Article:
10 Reasons Why Homestay is a Much Better Choice than Airbnb

accommodation-1

Customer Reviews Exposed

The concept of cheap Travel Accommodation

The way we travel and choose our accommodation is changing rapidly. And no aspect of travel is changing more rapidly than where we stay while on the road.

It was not long ago that the only option you had was to stay at a hotel or motel. Hotels can be expensive.

While a motel is a cheaper option, they are often, shall we say, a less than ideal place to lay our heads for the night.

Well, those days are gone! The world of accommodation is opening more so than ever before. Now we have a vast array of options the world over and less expensive choices not heard of, even ten years ago.

Airbnb versus Homestay, Review at a Glance

 Although Airbnb and Homestay offer similar accommodation services for travelers, it appears that Homestay is rapidly becoming a preferred choice over Airbnb. Airbnb is short for Air Bed & Breakfast.

accomodation, airbnb, homestay, house rental, rental, guest

Here are screenshots of Trustpilot’s Airbnb vs. Homestay customer reviews, taken in September of 2018:

Trustpilot’s Airbnb reviews:

airbnb reviews, trustpilot.com

Trustpilot’s Homestay reviews:

homestay.com reviews, bed and breakfast, cheap accommodation

But, what happened to Airbnb, this accommodation name we have gotten so accustomed to favor?

A closer look at individual reviews appears to indicate a commonality in that travelers feel that Airbnb has simply gotten too big for their own self. Many customers say Homestay today is what Airbnb used to be!

In other words, as Airbnb has been expanding, it seems their customer service has not been keeping up with demand.

This in Airbnb’s favor of becoming a corporate giant where a customer goes from being a person with a name to a dollar number for corporate profit?

Airbnb

You’ve no doubt heard of Airbnb, but have you heard of Homestay.com?

If travelers want a more authentic experience – one different to staying at an impersonal and sterile hotel, they can opt to stay with a local host.

The host can offer anything from a simple couch in their living room, to a spare bedroom, to a separate residence altogether. Some of these separate residences can be quite impressive, and cost a fraction of what it would if you were to book through a normal vacation rental company.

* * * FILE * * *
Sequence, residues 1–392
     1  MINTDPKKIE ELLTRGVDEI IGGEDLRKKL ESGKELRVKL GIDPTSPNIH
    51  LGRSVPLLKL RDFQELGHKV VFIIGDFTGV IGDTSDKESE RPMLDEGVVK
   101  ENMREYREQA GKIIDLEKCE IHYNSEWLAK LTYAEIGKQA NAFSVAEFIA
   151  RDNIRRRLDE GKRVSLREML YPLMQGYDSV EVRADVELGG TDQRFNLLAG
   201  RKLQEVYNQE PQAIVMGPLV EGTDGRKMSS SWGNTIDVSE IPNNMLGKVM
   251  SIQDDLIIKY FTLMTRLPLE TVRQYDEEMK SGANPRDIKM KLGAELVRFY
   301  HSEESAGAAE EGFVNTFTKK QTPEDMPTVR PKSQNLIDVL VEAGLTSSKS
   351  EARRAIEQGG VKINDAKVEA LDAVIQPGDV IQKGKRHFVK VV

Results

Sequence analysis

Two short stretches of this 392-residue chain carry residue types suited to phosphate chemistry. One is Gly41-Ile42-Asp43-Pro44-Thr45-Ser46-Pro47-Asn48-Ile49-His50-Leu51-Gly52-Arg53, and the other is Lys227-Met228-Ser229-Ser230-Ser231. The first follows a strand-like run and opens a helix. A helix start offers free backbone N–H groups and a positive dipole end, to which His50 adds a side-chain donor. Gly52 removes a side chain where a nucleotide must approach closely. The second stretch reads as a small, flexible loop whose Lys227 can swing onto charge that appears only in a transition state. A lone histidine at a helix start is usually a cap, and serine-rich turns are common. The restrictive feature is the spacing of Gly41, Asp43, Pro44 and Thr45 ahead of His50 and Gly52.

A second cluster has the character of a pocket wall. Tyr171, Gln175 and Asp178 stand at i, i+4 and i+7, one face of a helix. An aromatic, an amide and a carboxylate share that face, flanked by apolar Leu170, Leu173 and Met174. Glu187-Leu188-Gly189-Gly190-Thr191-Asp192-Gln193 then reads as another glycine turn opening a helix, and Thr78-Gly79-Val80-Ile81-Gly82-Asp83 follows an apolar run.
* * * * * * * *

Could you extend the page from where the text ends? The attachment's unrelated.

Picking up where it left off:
Airbnb is a worldwide network of hosts who have opened up their homes and rental properties to both business and leisure travelers who need a safe and relaxing place to stay. Most often it is a less expensive option than a hotel room.

There is a wide array of accommodation options to book through Airbnb. Anywhere from a spare room in a host’s house, to a palatial estate can be booked.

Many Airbnb hosts are happy to interact with you (and some insist on it!) but Airbnb does not require this. In fact, most of my stays through this service have had little to no interaction with the host.

They will email you a code to get into the property and you are left to your own demise. Similar to a hotel in that respect. But you are still staying in someone’s home and that implies you should take care of your space just as if it were your own.

Airbnb used to be the only name in the game of alternative accommodation.

But no longer!

Homestay

Homestay.com employs a similar business model, in that hosts offer very inexpensive accommodation in relation to a regular hotel room.

Screenshot from a Homestay.com rental in Havana Cuba:

(I chose this one as an example since Cuba is one of my favorite places I go and perfectly suited for a Homestay deal).

homestay.com, havana, cuba, casa particulares

 

 

Homestay advantages over Airbnb:

#1:

According to internet reviews (and my own personal experience staying with both), Homestay has a personal caring customer touch, and a much friendlier experience to offer its customers.

#2:

Homestay keeps it simple: hosts offer mostly spare rooms and hosts are almost guaranteed to interact with their guests in some way. In fact, getting to know your host is the name of the game!